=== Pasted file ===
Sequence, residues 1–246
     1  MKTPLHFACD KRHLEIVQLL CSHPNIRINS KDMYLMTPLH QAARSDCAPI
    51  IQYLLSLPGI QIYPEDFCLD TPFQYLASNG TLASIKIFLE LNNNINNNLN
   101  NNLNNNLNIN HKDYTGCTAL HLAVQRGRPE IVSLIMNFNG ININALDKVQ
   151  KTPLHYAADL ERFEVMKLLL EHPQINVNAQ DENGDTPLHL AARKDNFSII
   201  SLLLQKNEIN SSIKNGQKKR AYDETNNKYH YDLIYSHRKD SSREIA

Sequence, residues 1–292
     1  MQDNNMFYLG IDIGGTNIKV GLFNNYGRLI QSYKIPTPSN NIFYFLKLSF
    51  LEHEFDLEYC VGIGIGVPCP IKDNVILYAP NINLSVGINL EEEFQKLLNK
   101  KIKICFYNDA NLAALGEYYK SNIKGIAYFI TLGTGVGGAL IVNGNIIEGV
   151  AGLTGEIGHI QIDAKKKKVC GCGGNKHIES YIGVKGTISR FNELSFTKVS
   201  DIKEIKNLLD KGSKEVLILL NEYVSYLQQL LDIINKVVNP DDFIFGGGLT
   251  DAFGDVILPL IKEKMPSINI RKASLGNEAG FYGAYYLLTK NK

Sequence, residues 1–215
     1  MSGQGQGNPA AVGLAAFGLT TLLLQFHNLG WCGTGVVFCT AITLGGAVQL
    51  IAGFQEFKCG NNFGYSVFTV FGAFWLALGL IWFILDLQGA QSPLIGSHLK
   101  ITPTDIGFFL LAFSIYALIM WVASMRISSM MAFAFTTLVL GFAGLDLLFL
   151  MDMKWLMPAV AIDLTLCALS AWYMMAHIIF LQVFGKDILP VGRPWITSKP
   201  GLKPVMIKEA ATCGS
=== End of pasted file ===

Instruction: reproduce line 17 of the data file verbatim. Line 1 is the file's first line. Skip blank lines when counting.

   101  ITPTDIGFFL LAFSIYALIM WVASMRISSM MAFAFTTLVL GFAGLDLLFL